Fiji is facing unprecedented challenges as a result of the compounded effects of COVID-19, Tropical Cyclone (TC) Yasa and TC Ana. Prior to the pandemic and natural disasters, 30% of Fiji’s population was estimated to be living in poverty, with many more undoubtedly on the margins.
People from all walks of life are doing their best to cope, with support being provided by multiple groups both within Fiji and overseas, but recovery efforts exist in a context of high levels of gender inequality and social exclusion. Women, people living in poverty, elderly populations, people with a disability, persons of diverse Sexual Orientation,
Gender Identity and/or Expression and Sex Characteristics (SOGIESC) and any combination of these groups are bearing the brunt of the impacts. These inequities are the root causes of social vulnerability to disasters as they affect people's ability to anticipate, prepare for, survive, cope with, and recover from disasters. All humanitarian and development partners therefore must not simply manage disaster risk better but help address the root causes that drive risk and undermine resilience.
The need to address inequality and exclusion is particularly crucial in light of the long-term impacts of negative coping strategies including the consumption of cheap accessible unhealthy food, withdrawing children from school, or refraining from accessing health services to save money. In addition to increased stress and uncertainty having impacts on gender-based violence, mental health and abuse, results of negative coping mechanisms may also be associated with higher prevalence of malnutrition, non-communicable diseases (NCDs), child labour and poverty. The combined direct and indirect impacts of disasters and their associated consequences impact families and children in many ways, ultimately harming their socio-economic development.
These impacts will last long beyond the interventions of humanitarian actors. Relief initiatives are helping in the short term and Fijians are already demonstrating incredible resilience. However, without more strategic and targeted interventions to address systemic vulnerabilities and proactively build on successful initiatives, the impacts of the pandemic and cyclones will have intergenerational consequences. In addition, with extreme weather becoming the new normal as a result of climate change, the gender, disability and inclusion dimensions of the COVID-19 pandemic and cyclones will continue to affect Fiji’s resilience into the future.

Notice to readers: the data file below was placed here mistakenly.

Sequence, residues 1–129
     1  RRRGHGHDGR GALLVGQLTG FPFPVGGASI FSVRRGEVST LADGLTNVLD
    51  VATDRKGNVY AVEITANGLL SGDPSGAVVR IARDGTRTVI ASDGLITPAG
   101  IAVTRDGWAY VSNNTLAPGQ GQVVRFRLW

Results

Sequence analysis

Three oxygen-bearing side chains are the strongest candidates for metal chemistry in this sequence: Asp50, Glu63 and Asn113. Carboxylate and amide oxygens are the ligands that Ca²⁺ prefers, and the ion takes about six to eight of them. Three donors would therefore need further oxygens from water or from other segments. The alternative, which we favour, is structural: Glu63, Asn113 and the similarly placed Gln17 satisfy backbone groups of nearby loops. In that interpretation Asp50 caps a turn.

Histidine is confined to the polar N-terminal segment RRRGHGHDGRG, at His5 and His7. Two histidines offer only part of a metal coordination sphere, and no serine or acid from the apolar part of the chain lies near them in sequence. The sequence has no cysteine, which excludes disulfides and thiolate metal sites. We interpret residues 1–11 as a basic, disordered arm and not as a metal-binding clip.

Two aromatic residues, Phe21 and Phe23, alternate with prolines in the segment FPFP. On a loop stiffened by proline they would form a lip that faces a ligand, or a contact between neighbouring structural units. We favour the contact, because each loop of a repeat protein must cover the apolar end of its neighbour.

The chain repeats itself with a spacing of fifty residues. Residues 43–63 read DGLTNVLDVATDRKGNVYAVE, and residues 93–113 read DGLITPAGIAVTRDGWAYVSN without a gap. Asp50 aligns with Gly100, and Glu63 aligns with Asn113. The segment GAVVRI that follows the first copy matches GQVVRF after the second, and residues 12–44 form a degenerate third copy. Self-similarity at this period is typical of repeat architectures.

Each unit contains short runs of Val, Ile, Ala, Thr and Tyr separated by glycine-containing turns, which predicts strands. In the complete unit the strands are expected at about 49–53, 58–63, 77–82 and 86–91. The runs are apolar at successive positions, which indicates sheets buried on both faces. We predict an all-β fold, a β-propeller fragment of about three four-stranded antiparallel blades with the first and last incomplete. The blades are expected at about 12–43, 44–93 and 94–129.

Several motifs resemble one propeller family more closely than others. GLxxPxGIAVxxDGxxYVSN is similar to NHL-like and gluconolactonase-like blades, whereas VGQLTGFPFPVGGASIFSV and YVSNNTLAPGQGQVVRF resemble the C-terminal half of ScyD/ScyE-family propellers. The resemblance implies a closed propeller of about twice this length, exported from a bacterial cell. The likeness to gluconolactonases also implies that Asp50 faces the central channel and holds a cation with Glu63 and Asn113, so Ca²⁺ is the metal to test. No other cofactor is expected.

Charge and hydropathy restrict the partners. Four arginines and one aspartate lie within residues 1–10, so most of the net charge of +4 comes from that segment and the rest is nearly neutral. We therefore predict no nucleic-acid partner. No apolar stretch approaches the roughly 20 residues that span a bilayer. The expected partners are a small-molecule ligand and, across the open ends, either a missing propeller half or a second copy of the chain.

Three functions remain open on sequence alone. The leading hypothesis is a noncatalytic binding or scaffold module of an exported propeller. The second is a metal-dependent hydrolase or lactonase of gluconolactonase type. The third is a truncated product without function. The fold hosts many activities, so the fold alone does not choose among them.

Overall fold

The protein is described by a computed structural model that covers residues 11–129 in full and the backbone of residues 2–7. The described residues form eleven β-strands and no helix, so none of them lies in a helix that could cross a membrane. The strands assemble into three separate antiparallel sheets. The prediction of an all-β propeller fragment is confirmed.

The unprecedented challenges illustrate that there is no gap between humanitarian response and development. All stakeholders therefore need to examine the basic principles that underpin the humanitarian sector such as the Sphere standards, one of the most widely referenced humanitarian resources globally, and standards set locally through the Cluster system. Agencies including the Water Authority of Fiji (WAF), Energy Fiji Limited (EFL) and the Fiji Military Forces that are not traditional humanitarian responders, should be supported to meet these standards while organisations involved in humanitarian work need to consider longer-term implications beyond initial relief and recovery operations. There is insufficient consideration of the most vulnerable, and feedback from community members and humanitarian responders has demonstrated is that it is essential for all stakeholders to understand that blanket approaches without targeting the specific needs of marginalised groups - and involving them in the decisions that affect their lives - means that the most vulnerable will continue to be left behind.
The response to COVID-19, TC Yasa and TC Ana and recovery interventions cannot be siloed from the longer-term development agenda including the goals of addressing gender equality, disability and social inclusion.